Depending on the home you buy and the type of mortgage you choose, down payments can easily cost up to tens of thousands of dollars. Here’s a look at how much you will likely need for a down payment when buying a home, and what impact it will have on your mortgage payments.
You’ve probably heard that putting 20% down on your new home is standard. For example, if you’re buying a $400,000 home, your out-of-pocket down payment would be $80,000.
While setting aside that much cash can be a serious roadblock for many homebuyers, it also comes with many important benefits. These include:
Less total interest charged — The more you put down toward your home purchase initially, the lower you will owe on your mortgage. This equates to less interest paid over the life of the loan.
Better interest rates — Mortgage lenders will generally offer lower interest rates to buyers with larger down payments, saving you even more in interest over the course of your mortgage repayment.
Lower credit score requirement — Credit scores play an important role in mortgage approval, and will also impact the interest rate you’re offered. If you have a lower score or negative credit reports, offering a higher down payment can help out in the homebuying process.
Lower monthly payments — As covered, the higher your down payment, the lower your mortgage debt. This translates to a lower monthly payment over the same loan term.
While it may be wise to contribute 20% to your down payment, it is no longer a golden standard to do so for all homebuyers. You can often get away with putting down significantly less on your new home, depending on your mortgage lender and the type of loan you choose. Here is a breakdown of down payments, based on mortgage type.
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When it comes to taking out a conventional mortgage — such as a 15- or 30-year fixed-rate loan, or even an adjustable-rate mortgage (ARM) — the individual lenders will determine your eligibility based on a specific set of underwriting guidelines.
Depending on your individual scenario (e.g. personal credit history, loan amount, loan-to-value ratio, etc.), you may be able to put down as little as 3% on your home purchase. For most borrowers, 5% to 15% is most likely. Borrowers with bad credit or those looking to buy secondary or investment properties may still need to put as much as 20% down.
It’s important to keep in mind that putting less than 20% down on your conventional home mortgage may trigger a private mortgage insurance (PMI) requirement from your lender. This insurance — which can cost between 0.5% to 2% of your loan amount each year— is designed to protect your mortgage lender if you default on your new home purchase. Once your home equity reaches the 20% threshold, you can request that your PMI be removed. (Once your loan balance is reduced to 78%, however, PMI is automatically canceled according to federal law.)
There are a few different government-backed mortgage options for borrowers to choose from, which may allow for lower down payment requirements even if you have less-than-perfect credit. Since government home loans may be backed or insured by federal programs, lenders are able and willing to offer more flexible requirements.
FHA loans are the most common government mortgage products. Down payment requirements may be as low as 3.5% for qualified buyers with a credit score of at least 580. However, If your credit score is between 500 and 579, expect your FHA minimum down payment requirement to be at least 10%.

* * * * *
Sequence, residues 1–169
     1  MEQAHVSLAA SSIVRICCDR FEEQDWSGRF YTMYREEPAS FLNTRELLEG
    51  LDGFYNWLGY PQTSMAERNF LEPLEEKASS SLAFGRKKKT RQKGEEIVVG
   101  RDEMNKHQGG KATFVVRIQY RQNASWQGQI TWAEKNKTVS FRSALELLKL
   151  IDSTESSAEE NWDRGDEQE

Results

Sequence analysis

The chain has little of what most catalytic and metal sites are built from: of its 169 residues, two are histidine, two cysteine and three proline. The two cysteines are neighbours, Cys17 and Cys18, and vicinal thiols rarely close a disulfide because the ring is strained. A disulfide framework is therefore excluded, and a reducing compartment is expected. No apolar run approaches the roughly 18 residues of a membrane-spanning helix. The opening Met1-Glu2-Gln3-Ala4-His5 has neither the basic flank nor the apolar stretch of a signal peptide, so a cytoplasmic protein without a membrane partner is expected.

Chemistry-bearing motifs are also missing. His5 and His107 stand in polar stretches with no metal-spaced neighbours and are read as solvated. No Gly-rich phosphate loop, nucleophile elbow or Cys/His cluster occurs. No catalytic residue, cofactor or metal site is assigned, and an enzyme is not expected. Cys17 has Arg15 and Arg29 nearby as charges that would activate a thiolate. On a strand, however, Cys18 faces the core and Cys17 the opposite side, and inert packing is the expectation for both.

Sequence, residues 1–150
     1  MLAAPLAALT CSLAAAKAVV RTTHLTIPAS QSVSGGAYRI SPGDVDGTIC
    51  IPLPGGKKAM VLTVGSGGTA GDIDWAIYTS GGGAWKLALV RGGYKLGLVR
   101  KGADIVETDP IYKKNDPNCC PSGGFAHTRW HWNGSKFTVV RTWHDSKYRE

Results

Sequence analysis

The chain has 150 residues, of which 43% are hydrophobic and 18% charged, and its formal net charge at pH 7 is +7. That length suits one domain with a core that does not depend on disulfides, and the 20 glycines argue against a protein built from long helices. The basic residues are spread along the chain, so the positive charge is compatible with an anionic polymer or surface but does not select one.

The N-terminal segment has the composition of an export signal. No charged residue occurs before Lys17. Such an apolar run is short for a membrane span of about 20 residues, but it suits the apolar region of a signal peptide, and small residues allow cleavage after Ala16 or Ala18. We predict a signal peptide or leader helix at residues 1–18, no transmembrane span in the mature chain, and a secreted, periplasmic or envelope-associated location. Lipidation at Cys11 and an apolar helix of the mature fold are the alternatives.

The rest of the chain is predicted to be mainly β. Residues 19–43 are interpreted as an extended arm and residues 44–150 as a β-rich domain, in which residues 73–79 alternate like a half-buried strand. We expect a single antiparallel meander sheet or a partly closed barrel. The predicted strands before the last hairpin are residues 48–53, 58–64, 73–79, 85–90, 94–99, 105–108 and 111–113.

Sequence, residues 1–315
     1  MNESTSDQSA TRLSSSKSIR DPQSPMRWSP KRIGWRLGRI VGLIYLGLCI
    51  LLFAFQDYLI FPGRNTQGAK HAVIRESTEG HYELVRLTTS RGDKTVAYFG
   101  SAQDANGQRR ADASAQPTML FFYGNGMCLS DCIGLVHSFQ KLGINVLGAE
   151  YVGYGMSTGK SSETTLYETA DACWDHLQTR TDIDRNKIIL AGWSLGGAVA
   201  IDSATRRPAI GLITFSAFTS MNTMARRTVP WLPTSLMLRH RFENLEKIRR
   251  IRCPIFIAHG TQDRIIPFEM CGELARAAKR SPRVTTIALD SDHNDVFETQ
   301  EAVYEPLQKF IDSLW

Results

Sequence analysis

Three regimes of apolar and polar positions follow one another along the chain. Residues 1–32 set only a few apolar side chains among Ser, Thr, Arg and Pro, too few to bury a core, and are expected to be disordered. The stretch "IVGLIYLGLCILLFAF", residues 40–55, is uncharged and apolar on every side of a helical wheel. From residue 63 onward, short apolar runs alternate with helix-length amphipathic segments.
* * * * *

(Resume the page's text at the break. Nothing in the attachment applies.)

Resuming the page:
Also, no matter the down payment amount, all FHA loans require a mortgage insurance premium (MIP), which is due up front and on a monthly basis.
Eligible borrowers may be able to purchase a home with no down payment if utilizing a VA or USDA mortgage. However, these mortgages are not offered to everyone.
VA loans are offered to active-duty military members, retired veterans, and eligible surviving spouses. These loans have no down payment requirement, feature competitive interest rates, and may offer lower fees at closing than traditional loans. However, it’s important to note that an upfront funding fee will play into your loan costs if you go the VA route.
USDA loans are offered to homebuyers who purchase eligible property in rural areas. You’ll also need to meet certain household income requirements to qualify.
So, how much should you really be saving for the down payment on your next home? The answer really comes down to... as much as you can afford.
If you qualify for a 0% down loan (such as a VA or USDA mortgage), you don’t need to worry about saving for a down payment. However, you may still want to contribute something toward your loan to build up equity faster or reduce your interest rate.
The more you put toward your home at purchase initially, the less you’ll need to borrow. This means more equity off the bat, access to better rates and terms, less interest charges overall, and the ability to get out of debt faster. And when it comes to conventional mortgages, you will also save yourself the cost of PMI if you put at least 20% down.
Saving tens of thousands of dollars (or more) for the down payment on a home can take years to accomplish. While a down payment may represent a huge financial undertaking for many families, it also helps in reducing overall mortgage costs. The right down payment may even give buyers access to better loan products, making the home of their dreams a greater reality.No matter what you provide in a down payment, Fiona can match you with mortgage offers catered to your specific needs. Try our free service today. GET OFFERS
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